North Korea sentences Boston man to 8 years of hard labor for entering country illegallyBy Hyung-jin Kim, AP
Wednesday, April 7, 2010
Boston man gets 8 years’ hard labor in North Korea
SEOUL, South Korea — North Korea sentenced a Boston man to eight years of hard labor and ordered him to pay a $700,000 fine for crossing into the communist country illegally earlier this year, state media reported.
Aijalon Mahli Gomes, 30, was the fourth American detained by North Korea for illegal entry in less than a year. Journalists Laura Ling and Euna Lee were held for five months before their release last August, and activist Robert Park was expelled some 40 days after crossing into the country last Christmas.
Gomes, who had been teaching English in South Korea before his arrest, acknowledged his wrongdoing at Pyongyang’s Central Court on Tuesday, North Korea’s official Korean Central News Agency said in a brief dispatch Wednesday.
Gomes was sentenced to eight years of “hard labor” and fined 70 million North Korean won, said the report monitored in Seoul. North Korea’s official exchange rate is 100 won to the U.S. dollar.
“An examination was made of the hostile act committed against the (North) Korean nation and the trespassing on the border of (North Korea), against which an indictment was brought in and his guilt was confirmed,” the report said.
A spokeswoman for Gomes’ family said they were hoping for his return home as soon as possible. “They are disturbed (by the sentence), but they are hopeful that he would be returned home to them and they are praying for that,” Thaleia Schlesinger said in Boston.
Representatives of the Swedish Embassy in North Korea, which looks after U.S. interests in the country, witnessed Gomes’ trial, the KCNA report said.
State Department spokesman P.J. Crowley told reporters the American should be granted amnesty and released. Crowley wouldn’t provide details about the trial or charges but said Swedish officials were seeking to meet Gomes.
It was unclear what might have compelled Gomes to risk going into communist North Korea illegally.
However, Gomes — described by friends as a devout Christian — attended rallies in Seoul in support of Park, a fellow Christian from the U.S. who deliberately went into the North in December to call attention to the nation’s rights record.
A Seoul-based activist familiar with Gomes, Jo Sung-rae, said he might have been inspired by Park to make a similar trip.
“Gomes was weeping and he looked so sincere when he asked me if I knew anything about Robert Park’s status in North Korea,” Jo said Wednesday.
Word of Gomes’ Jan. 25 arrest came from a brief KCNA dispatch in late January, weeks after Park was detained. His name was released in another dispatch last month.
Park, who defiantly walked into North Korea from China, was on a self-proclaimed mission to draw attention to North Korea’s human rights record and to call for leader Kim Jong Il to step down. He was released in February without charge.
Ling and Lee, who work for former U.S. Vice President Al Gore’s Current TV media venture, were arrested in March 2009 near the Chinese border and sentenced to 12 years of hard labor for illegal entry and engaging in “hostile acts.” They were freed in August after former President Bill Clinton made a high-profile visit to Pyongyang to negotiate their release.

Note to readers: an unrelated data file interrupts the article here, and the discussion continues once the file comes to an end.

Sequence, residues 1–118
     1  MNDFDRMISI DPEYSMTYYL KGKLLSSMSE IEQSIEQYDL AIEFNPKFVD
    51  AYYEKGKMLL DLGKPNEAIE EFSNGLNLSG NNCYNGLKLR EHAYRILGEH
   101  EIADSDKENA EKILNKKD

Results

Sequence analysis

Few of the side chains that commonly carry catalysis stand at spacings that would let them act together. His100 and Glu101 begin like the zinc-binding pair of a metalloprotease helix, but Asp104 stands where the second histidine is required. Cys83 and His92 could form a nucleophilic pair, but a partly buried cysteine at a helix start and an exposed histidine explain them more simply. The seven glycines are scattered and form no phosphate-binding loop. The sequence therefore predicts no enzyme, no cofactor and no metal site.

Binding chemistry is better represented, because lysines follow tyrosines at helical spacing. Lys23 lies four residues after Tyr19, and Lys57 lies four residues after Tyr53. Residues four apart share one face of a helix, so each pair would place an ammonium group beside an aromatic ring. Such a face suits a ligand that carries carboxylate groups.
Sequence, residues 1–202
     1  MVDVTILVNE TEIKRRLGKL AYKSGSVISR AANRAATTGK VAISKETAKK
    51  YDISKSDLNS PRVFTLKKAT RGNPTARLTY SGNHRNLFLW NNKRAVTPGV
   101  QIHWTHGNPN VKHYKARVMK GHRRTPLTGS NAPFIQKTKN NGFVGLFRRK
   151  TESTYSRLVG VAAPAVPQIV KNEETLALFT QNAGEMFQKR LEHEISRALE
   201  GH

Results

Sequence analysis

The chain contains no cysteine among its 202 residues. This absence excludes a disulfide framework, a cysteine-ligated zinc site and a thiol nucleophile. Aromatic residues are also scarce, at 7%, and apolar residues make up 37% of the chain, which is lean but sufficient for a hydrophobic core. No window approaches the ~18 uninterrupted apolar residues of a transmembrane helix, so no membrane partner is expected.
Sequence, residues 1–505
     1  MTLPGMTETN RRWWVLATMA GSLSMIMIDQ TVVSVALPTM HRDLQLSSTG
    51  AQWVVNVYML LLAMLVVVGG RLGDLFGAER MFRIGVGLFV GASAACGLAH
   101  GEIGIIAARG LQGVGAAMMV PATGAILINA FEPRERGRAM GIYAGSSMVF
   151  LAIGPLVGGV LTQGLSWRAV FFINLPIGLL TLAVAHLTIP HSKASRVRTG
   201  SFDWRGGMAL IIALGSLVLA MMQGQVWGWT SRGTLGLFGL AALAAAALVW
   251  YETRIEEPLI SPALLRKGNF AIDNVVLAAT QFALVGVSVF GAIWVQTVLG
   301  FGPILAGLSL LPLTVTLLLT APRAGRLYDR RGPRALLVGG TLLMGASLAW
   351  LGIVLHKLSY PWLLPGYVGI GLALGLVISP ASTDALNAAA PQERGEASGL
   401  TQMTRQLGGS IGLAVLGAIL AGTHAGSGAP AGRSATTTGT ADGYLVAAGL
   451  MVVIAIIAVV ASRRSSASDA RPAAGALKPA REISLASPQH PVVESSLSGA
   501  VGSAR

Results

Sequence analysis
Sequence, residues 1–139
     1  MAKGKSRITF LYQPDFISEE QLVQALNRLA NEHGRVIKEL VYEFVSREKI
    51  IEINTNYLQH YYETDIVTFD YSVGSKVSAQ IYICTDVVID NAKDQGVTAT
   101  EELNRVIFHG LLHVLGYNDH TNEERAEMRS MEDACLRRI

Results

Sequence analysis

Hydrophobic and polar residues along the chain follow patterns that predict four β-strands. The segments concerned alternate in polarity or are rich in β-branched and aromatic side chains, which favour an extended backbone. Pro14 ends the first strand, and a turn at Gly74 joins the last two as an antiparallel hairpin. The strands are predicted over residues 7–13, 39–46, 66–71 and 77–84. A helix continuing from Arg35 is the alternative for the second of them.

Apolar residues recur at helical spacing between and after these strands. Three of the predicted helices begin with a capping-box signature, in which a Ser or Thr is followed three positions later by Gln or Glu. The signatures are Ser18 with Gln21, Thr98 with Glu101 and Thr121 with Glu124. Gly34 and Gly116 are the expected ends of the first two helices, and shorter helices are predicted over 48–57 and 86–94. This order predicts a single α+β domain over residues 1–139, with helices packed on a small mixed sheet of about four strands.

North Korea, impoverished and proud, craves international recognition, particularly from the U.S., its foe during the 1950-53 Korean War. Clinton’s visit was thought to be a diplomatic victory for North Korea’s Kim Jong Il, who was beaming in photographs taken after holding talks with a serious-looking Clinton.
The arrests of U.S. citizens also took place against the backdrop of international pressure on North Korea to return to nuclear disarmament talks.
The regime walked away from the disarmament-for-aid talks involving the U.S. and other regional powers last year in anger over condemnation of a rocket launch widely seen as a test of long-range missile technology. North Korea followed that move with a nuclear test, earning tightened U.N. sanctions.
Verdicts issued by the Central Court — North Korea’s highest — are final and cannot be appealed, according to the South Korean government.
However, North Korea expert Yoo Ho-yeol of Korea University in Seoul said Gomes will likely be released without having to serve the prison term. He predicted North Korea would use him as a bargaining chip in negotiations with the U.S. on its nuclear program.
“Continuing to hold him in custody is also a burden for North Korea,” as it will only galvanize criticism of its human rights record, Yoo said.
He said North Korea will likely press for payment of the fine, or at least a negotiated amount.
In 1996, North Korea demanded $100,000 as a “criminal fine” after American Evan Hunziker swam across the Yalu River from China. They eventually agreed to $5,000 to settle Hunziker’s hotel bill during his detainment, which Hunziker’s family paid.
U.S. Sen. John Kerry called on North Korea to release Gomes immediately on a humanitarian basis.
“This is a mother’s worst nightmare and a horrific situation. This young man belongs in Massachusetts with his family, and I join with them in expressing my hope that North Korea will do the right thing and send him home.”
Associated Press writers Rodrique Ngowi in Boston and Foster Klung and Christine Simmons in Washington contributed to this report.
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